Young women among those to march for life

By Emily Clark

HARTFORD—When the Connecticut March for Life kicked off in Hartford on March 22, some of the strongest voices there were from some of the youngest participants. Despite the overturning of Roe vs. Wade last summer, young people, especially young women, feel the need to continue supporting the pro-life movement.

Christa Colaco, a freshman at Cardinal Kung Academy in Stamford, joined thousands of others at the Connecticut March for the past two years. Though only 14, she understands the importance of this event.

“We need to show Connecticut that we will still fight (to end abortion),” she said. “The people in control need to know we do care.”

The youthful presence makes a powerful impact at the March for Life, especially when those just starting out in the workforce take personal time off from their jobs to attend, said Clare Wagner, a member of St. Aloysius Parish in New Canaan.

“As a recent college graduate getting used to my new adult life, I know how important it is to be true to myself and my beliefs,” she said. “At the March, I see so many others like me believing in what I do and banning together for the same cause.

“I want young adults to know that you’re never too young to have a voice,” added Wagner. She grew up valuing life from conception until natural death and with the knowledge that abortion is inherently wrong.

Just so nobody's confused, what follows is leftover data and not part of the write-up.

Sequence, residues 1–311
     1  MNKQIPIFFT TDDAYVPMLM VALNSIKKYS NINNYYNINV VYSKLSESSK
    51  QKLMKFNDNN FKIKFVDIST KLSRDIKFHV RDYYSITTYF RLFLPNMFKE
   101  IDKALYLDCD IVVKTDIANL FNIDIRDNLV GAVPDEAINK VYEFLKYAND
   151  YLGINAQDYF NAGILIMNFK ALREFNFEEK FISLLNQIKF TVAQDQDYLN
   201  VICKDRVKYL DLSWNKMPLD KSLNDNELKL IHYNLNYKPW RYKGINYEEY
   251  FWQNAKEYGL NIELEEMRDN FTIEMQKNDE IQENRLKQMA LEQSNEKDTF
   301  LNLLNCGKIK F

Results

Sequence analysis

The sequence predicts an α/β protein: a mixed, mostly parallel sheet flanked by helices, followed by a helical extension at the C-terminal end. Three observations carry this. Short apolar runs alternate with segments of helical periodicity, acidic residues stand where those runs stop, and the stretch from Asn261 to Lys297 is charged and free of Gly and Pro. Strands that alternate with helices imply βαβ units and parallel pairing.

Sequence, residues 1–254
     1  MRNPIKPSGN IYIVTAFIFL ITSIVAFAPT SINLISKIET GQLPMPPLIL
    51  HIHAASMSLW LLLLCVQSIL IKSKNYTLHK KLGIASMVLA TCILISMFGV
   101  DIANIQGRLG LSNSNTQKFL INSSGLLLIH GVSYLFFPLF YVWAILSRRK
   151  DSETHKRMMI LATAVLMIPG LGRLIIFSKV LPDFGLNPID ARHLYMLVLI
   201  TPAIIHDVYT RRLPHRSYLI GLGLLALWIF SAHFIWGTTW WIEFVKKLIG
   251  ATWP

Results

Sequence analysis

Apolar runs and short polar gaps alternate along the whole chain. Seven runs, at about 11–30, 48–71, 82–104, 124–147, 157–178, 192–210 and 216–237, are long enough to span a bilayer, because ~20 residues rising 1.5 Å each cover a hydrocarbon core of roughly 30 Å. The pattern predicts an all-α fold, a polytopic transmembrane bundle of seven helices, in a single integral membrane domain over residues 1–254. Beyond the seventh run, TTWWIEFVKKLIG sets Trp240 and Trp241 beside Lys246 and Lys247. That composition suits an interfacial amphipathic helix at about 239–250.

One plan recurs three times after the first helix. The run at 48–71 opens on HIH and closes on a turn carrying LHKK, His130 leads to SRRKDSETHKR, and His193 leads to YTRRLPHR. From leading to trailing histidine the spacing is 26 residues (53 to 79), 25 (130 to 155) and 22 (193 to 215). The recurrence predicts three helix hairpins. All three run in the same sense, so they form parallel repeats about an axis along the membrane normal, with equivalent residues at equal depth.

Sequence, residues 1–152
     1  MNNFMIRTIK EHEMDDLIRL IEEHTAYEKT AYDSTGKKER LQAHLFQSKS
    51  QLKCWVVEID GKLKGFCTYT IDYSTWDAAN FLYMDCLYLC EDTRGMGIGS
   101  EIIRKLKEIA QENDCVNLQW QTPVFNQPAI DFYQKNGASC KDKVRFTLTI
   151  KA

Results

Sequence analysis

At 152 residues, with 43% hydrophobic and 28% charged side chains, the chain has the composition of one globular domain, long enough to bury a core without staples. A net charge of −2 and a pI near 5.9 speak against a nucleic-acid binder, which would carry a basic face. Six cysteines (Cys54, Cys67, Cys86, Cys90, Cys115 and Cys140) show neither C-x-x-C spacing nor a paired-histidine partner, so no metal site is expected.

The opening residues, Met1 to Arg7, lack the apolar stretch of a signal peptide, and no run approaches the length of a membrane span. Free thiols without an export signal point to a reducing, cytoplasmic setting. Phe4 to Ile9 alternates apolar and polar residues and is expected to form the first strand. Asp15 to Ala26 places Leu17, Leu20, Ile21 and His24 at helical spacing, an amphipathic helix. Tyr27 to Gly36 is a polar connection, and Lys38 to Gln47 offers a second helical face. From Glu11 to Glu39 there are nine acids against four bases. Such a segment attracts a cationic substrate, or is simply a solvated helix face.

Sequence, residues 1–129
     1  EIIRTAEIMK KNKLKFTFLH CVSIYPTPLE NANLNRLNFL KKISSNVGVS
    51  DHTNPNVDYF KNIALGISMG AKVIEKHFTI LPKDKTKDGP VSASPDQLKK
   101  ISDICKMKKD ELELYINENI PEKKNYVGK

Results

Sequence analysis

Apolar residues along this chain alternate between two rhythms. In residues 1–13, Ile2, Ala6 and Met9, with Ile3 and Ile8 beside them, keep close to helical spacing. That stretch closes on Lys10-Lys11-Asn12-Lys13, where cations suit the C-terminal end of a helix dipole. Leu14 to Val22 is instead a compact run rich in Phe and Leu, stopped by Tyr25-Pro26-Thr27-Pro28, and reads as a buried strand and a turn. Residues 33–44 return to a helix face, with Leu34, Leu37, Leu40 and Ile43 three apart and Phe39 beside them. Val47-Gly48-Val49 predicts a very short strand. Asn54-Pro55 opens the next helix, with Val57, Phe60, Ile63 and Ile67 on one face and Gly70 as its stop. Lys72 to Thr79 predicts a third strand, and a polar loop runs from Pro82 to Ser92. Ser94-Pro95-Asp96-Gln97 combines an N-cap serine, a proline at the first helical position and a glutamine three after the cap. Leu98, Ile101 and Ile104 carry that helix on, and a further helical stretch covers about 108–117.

“I believe in life from a religious standpoint, but our founding fathers also said that life is an ‘inalienable right,’” she said.

Though younger than Wagner, Colaco holds the same views.

“High schoolers care, even if they don’t always talk about it,” she said. “It’s one thing to know in your heart as a Catholic that abortion is morally wrong, but going to the March shows that to other young people and helps them understand the evil behind it,” she said.

Having also grown up with a pro-life mindset, Rebecca Margolnick has attended both the March for Life in Washington, D.C. and the Connecticut March to give a voice to those who have none.

“It’s important to defend the unborn who cannot speak for themselves,” said Margolnick, a junior at Sacred Heart University in Fairfield. “Although Roe vs. Wade has been overturned, abortions still do occur, and I believe it is imperative to march for the babies who are in danger.”

Many young adults are often told that as the next generation, they are responsible for making changes to improve the society in which we live.

“We’re supposed to change the world,” said Colaco, “but if we’re not changing it for the better, then what’s the point? We need to make a real change now.”